4 Tricks for Researching a Medical Condition on the Internet

4 Tricks for Researching a Medical Condition on the Internet

If you want to learn more about a medical condition, it is natural to turn to the internet. Unfortunately, everything you read on the internet is not valid, so you need to be careful while doing your research. The following four tips can help you get the knowledge about medical conditions that you are searching for.

1- Consider Sites From Reputable Organizations

You can often find the best information from reputable organizations dedicated to specific diseases, like American Heart Association, American Lung Association, Alzheimer’s Association, and Charcot-Marie-Tooth Association. Government sources can also be excellent information sources, so consider the following:

• National Institutes of Health

• Centers for Disease Control and Prevention

• World Health Organization

• National Health Service

• National Health and Medical Research Council

• Centers for Medicare and Medicaid Services

• Food and Drug Administration

• Public Health Agency of Canada

• European Medicines Agency

2- Use Google Scholar

Instead of relying on Google’s regular search engine, try searching on Google Scholar. This will help you find educational articles better. When looking at options, consider those from professional journals because these articles are usually peer-reviewed. Great options often include the following:

• Annals of Internal Medicine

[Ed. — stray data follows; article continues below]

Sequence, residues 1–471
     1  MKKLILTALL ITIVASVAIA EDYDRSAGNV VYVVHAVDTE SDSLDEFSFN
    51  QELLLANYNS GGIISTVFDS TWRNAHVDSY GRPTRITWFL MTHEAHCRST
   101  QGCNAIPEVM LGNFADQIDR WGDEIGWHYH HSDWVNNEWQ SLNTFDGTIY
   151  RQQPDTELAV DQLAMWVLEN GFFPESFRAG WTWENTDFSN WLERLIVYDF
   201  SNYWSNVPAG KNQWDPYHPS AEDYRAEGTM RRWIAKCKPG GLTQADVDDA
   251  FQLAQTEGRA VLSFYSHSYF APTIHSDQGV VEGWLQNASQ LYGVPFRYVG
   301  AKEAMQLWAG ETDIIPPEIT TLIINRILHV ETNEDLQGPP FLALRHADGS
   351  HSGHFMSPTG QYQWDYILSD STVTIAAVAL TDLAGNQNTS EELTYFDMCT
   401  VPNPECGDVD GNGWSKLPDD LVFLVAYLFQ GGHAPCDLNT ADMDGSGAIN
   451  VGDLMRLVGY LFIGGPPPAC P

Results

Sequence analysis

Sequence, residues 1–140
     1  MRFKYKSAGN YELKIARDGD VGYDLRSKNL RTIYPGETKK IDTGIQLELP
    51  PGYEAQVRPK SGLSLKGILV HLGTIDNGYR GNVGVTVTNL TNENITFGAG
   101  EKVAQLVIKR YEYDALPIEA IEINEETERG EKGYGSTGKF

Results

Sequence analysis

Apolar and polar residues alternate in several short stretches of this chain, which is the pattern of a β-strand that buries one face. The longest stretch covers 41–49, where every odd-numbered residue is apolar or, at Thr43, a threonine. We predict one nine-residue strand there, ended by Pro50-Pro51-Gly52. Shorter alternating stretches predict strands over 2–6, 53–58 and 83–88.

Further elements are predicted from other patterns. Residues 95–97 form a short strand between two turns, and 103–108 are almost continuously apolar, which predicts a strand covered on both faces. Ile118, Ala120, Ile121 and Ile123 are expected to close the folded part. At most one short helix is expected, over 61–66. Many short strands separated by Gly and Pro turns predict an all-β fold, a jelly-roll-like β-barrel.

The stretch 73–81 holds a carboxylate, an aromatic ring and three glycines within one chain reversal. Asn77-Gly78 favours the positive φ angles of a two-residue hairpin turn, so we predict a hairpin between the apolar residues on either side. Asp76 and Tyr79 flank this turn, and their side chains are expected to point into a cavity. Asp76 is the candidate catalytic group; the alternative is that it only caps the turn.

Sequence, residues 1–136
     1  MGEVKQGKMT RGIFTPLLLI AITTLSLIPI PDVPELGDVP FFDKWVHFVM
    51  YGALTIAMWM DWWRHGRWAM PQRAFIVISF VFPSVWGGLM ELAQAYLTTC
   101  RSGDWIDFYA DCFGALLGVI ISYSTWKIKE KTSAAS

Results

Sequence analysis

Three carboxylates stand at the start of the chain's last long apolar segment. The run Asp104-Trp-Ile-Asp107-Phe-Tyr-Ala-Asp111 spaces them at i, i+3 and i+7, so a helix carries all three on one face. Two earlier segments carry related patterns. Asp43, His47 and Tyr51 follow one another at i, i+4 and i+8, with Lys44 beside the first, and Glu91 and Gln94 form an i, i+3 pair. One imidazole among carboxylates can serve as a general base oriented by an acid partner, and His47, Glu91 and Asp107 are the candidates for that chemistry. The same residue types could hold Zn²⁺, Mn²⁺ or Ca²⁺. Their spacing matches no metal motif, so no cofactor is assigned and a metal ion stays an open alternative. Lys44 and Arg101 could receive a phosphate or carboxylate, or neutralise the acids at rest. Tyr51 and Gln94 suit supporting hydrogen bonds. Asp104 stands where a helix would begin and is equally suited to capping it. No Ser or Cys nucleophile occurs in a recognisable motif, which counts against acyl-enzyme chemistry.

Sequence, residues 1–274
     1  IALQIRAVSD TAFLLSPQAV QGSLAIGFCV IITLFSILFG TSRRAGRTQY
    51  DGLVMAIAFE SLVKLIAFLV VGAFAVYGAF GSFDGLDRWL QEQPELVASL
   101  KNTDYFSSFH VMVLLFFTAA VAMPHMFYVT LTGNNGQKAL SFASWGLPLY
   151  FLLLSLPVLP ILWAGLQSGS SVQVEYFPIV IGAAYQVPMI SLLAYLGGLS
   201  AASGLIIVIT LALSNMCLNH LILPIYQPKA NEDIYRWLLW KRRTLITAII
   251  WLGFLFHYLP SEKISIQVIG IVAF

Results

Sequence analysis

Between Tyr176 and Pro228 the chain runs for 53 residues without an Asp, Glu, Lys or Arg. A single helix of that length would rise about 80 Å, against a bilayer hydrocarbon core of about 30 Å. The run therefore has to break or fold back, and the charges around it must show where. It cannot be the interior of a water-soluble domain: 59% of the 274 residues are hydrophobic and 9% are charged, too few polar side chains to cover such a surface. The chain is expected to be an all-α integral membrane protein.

• New England Journal of Medicine

• American Journal of Psychiatry

• The Journal of Neuroscience

• Journal of the American Medical Association

• British Medical Journal

• The Lancet

• PLOS Medicine

• The Journal of Clinical Investigation

• Journal of International Medical Research

• The Journal of Infectious Diseases

• Journal of the American Heart Association

3- Trace Information to its Original Source

Think about the last time you told a story and heard it retold later. Chances are very strong that some of the details have changed, and it is no different with medical information. Therefore, try tracing information back to its primary source. Examples of primary sources include the following:

• Journal articles written by the person doing original research

• Papers presented at conferences by teams doing medical studies

• Theses written by students that have traceable references

• Patents

4- Consider the Source

When doing your research, think about the source of the information you are reading. If the information gives only the lead person’s name, then Google it to see where he is employed. Next, consider the date of the information. Generally, you want information from the last couple of years. When evaluating clinical trials, look at the sample size. Usually, the bigger the sample size, the more you can trust the data. Finally, think about any conflicts in funding that might be present or if the article’s author has a particular viewpoint they are trying to push forward. Pay special attention to information coming from leading research medical schools including the following:

• Harvard University

• University of Cambridge

• John Hopkins University

• Stanford University

• University of California

• Yale University

• Imperial College London

• University of Oxford

• Massachusetts Institute of Technology
You can find medical information to support any point of view on the internet, but following these four research tips can help you find reliable information that you can count on. Good luck with your research. Keep in mind that the best information about your own medical condition usually is from your care provider because there are many factors to consider.